Detectives investigating murder and rape are WFH so they can ‘have a few more cups of tea and beat the traffic’: Police Federation chairman defends officers working from home… as force is accused of ‘taking public for fools’
- Hampshire Constabulary is among those allowing officers to work from home
- Hybrid working is likely to continue having been a success, federation chair says
- But Government source says: ‘It sounds like they are taking the public for fools’
Police officers are reportedly investigating serious crimes including murders and rapes from home.
New hybrid working policies brought in by the pandemic are being used across the country, including in areas with some of the nations’ highest crime rates.
Hampshire Constabulary, which has the seventh-highest number of crimes out of the 43 forces in England and Wales allows officers to work from home.
Zoe Wakefield, the chairman of the Hampshire Police Federation, said hybrid working is likely to continue as an option for officers having been a success in the force.
Zoe Wakefield, the chairman of the Hampshire Police Federation, said hybrid working is likely to continue as an option for officers having been a success in the force
She told the Daily Telegraph that it is ‘definitely positive’ for officers’ work-life balance if you can ‘have some days [when] you know you don’t need to worry about fighting traffic, you can probably have a few more cups of tea during the day than you do normally, and it is a bit more of a relaxed atmosphere’.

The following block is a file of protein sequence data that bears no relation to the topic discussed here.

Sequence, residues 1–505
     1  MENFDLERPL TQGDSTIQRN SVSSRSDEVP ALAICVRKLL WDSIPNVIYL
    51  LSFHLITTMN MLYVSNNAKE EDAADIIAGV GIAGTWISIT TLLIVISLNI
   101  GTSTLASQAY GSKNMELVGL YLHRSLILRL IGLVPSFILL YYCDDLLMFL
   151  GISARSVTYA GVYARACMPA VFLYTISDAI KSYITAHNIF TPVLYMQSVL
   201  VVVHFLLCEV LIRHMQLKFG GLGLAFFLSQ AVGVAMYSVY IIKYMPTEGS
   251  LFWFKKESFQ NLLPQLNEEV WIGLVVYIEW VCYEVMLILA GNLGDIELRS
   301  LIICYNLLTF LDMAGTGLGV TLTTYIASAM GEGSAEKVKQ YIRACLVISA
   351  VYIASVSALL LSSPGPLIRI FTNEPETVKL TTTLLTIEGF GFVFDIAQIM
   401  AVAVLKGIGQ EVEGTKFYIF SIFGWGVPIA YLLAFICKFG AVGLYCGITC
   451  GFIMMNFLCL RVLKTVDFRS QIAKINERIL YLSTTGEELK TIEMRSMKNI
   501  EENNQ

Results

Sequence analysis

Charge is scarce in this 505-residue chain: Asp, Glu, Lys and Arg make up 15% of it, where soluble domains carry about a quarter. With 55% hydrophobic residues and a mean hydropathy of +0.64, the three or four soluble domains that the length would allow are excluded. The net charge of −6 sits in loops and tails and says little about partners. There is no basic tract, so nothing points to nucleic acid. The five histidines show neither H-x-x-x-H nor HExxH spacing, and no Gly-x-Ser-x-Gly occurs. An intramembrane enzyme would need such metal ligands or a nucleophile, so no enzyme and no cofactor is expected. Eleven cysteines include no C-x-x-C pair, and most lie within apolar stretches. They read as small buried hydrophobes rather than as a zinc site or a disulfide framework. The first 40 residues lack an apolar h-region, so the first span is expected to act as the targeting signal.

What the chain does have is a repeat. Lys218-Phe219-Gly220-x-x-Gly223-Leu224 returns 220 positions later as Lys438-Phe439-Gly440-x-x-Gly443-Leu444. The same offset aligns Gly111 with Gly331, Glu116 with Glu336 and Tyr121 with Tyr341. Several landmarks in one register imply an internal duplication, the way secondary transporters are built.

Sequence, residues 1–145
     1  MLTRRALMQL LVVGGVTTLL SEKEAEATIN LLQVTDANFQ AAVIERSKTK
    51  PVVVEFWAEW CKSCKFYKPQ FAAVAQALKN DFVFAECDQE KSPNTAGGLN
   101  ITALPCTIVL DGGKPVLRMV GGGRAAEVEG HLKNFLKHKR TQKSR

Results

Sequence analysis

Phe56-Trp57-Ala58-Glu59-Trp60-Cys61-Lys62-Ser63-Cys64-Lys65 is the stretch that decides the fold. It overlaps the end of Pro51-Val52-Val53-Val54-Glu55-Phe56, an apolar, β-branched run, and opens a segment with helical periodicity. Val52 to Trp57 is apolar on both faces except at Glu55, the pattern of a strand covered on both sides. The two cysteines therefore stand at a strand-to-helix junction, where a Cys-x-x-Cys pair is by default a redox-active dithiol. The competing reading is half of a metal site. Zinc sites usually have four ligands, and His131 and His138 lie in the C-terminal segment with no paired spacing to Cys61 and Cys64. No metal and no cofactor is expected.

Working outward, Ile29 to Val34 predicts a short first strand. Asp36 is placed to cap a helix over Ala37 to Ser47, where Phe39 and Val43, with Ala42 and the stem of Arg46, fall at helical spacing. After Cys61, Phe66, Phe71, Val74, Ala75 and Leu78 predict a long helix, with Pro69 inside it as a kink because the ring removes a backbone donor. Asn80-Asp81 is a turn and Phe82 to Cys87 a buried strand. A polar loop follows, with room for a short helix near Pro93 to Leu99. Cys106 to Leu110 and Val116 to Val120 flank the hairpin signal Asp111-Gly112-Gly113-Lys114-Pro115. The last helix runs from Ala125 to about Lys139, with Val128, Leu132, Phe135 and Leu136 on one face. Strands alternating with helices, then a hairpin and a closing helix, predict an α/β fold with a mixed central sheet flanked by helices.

The national treasurer at the Police Federation, Simon Kempton, said that although many duties still need to be done in person, there are ‘some, like detectives, that are still working at home’.
‘Broadly speaking, it could be pretty much any sort of an inquiry that could be done with a laptop or a phone.
‘Whether it’s shoplifting or a murder or anything in between, anything that can be done from wherever… I think what the pandemic showed is that we can think slightly more laterally.’
Simon Kempton, national treasurer at the Police Federation, said that although many duties still need to be done in person, there are ‘some, like detectives, that are still working at home’
Norfolk and Suffolk constabularies have a ‘modern workplace’ policy in which supervisors must ‘treat individuals fairly regardless of the individual’s location’.
Durham Constabulary put out a glowing report on their work from home policy saying it has improved ‘work-life balance and overall wellbeing’ for staff and will therefore remain.
‘Surely you would get far better challenges and inspiration – as well as the ability to scrutinise leads and ideas with your colleagues – in the office rather than sitting on your own at home.’
Hampshire Constabulary police officers stand outside a crime scene (file picture)
Meanwhile, it emerged today that Bank of England advisers are still setting interest rates over video calls even though it scrapped working from home guidance months ago.
Meetings of the Bank’s monetary policy committee, which sets interest rates, take place with some attending in person and others virtually.
Bank of England staff only have to come to the office for one day a week despite it pulling advice that they should work from home in January.
From June 6, they will be expected to be back 40 per cent of the time – with a long-term aim to be back for 50 per cent.
The Bank has faced criticism over its hybrid working policy amid anger over its failure to curb inflation, which this week hit 9 per cent.